No one should be surprised that the Centers for Disease Control has found glyphosate in 80% of the urine samples tested as part of CDC’s routine NHANES biomonitoring program. Details are reported online in a June 2022 CDC report as well as in many news outlets including this story in The Guardian.
Today, most Americans have multiple herbicides in their urine on any given day. The general public is exposed primarily via food and beverages because the EPA allows various herbicides, including those containing glyphosate, to be sprayed just a week or two prior to harvest on crops including wheat, oats, barley and edible beans. These applications virtually always result in sizable residues on the harvested grain or beans that enter food-supply chains. Those living in rural agricultural areas, such as the heartland states in the Midwest, may also be subject to environmental exposure from the millions of acres of genetically engineered corn and soybeans where glyphosate is extensively used.
The urine samples that CDC tested were collected almost a decade ago. The analytical method the agency uses is highly sensitive in the case of glyphosate, but unfortunately does not detect glyphosate’s primary metabolic breakdown product, aminomethlyphosphonic acid, aka AMPA.
This matters because several published studies have found statistically significant associations between AMPA levels in the urine of pregnant woman and adverse birth outcomes, but not with glyphosate, or less so in the case of glyphosate.
All glyphosate-based herbicides (GBHs) contain glyphosate and two to four surfactants and other so-called “inert” ingredients. The key contributions of the surfactants in GBHs to herbicide efficacy and human-health risks have been covered in papers published by HHRA scientists and alliance partners:
- “Insight into the confusion over surfactant co-formulants in glyphosate-based herbicides” by Robin Mesnage, Chuck Benbrook, and Michael Antoniou. Published in Food and Chemical Toxicology in 2019.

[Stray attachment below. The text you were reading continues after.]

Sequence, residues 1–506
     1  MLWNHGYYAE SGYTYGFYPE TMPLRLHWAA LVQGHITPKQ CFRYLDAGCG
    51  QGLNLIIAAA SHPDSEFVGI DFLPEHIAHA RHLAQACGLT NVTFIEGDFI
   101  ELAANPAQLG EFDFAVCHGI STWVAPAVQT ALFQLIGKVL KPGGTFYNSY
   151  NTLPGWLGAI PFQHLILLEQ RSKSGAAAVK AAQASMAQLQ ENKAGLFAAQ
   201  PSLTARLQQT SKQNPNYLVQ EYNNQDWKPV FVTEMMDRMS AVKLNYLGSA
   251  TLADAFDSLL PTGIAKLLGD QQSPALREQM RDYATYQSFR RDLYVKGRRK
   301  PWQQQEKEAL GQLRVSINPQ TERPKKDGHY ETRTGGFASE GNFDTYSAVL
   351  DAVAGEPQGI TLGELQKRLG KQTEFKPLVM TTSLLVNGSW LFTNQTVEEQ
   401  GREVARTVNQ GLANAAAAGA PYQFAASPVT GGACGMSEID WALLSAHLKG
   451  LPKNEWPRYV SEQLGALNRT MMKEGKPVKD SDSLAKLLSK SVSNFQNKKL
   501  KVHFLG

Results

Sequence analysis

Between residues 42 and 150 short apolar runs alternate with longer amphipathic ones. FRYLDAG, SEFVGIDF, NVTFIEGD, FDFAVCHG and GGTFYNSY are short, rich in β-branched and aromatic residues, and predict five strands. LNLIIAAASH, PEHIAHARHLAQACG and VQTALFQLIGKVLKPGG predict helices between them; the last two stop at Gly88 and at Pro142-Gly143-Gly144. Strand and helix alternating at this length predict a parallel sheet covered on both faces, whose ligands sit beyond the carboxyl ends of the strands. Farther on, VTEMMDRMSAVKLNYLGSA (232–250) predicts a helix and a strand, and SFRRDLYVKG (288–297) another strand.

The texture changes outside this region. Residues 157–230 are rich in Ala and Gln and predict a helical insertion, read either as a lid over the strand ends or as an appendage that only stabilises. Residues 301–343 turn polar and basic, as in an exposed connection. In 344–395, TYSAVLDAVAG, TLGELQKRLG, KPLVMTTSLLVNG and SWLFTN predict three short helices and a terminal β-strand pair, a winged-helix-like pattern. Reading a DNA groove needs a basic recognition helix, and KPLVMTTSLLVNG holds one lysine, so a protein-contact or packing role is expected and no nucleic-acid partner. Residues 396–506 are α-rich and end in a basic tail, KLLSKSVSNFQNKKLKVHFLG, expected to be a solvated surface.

- “Ignoring Adjuvant Toxicity Falsifies the Safety Profile of Commercial Pesticides” by Robin Mesnage and Michael Antoniou in Frontiers in Public Health, 2017
When glyphosate herbicide spray solution lands on a plant, the residue left on the plant starts out as almost all glyphosate. But glyphosate starts breaking down to AMPA within hours.
Day in and day out, the glyphosate on these crops breaks down into AMPA. The percent of samples testing positive for glyphosate declines in step with the rising frequency of AMPA residues. In addition, the average level of the glyphosate residues that remain detectable steadily falls, and average levels of AMPA rise.
Several months to a year or more pass between harvest and a consumer buying a food product containing an ingredient from grain or beans harvested from a field sprayed pre-harvest with a GBH.
By then most of the glyphosate has broken down into AMPA. This is why residues of AMPA are often present in ready-to-eat processed foods at higher levels than glyphosate. It is also why AMPA levels are more likely than glyphosate to be associated with adverse health effects in epidemiological studies where diet is the primary route of exposure.
Testing for Glyphosate and AMPA in the Heartland Study
HHRA chose The Centre de Toxicologie du Québec (CTQ) to quantify glyphosate levels in urine samples because this cutting-edge laboratory has developed a method that quantifies both glyphosate and AMPA levels.
In addition, the CTQ method detects glufosinate and its principal metabolite 3-MPPA. The herbicide glufosinate is known to cause developmental problems in animal studies (Laugeray et al., 2014) and is the active ingredient in Liberty herbicides. Use of these glufosinate herbicides is now steadily rising, especially in the Heartland.
Soon HHRA will be publishing some of our herbicides-in-urine biomonitoring data. The “news” is not good. Most pregnant women in the Midwest are exposed to four herbicide analytes on a near-daily basis, and six or more on some days. Levels of herbicides known to trigger reproductive and developmental problems are rising in the urine of many people (e.g. 2,4-D and dicamba).
Our Heartland Study was designed and is being carried out to determine whether rising exposures to multiple herbicides are causing more frequent or more serious adverse birth outcomes.
We sincerely hope the answer is “no” on both accounts, but our team feels a sense of urgency in accelerating mother-infant pair enrollments in the HS. The faster we reach our 2,000 mother-infant pair goal for HS enrollments, the sooner we can gage the need for changes in herbicide use patterns and weed management systems.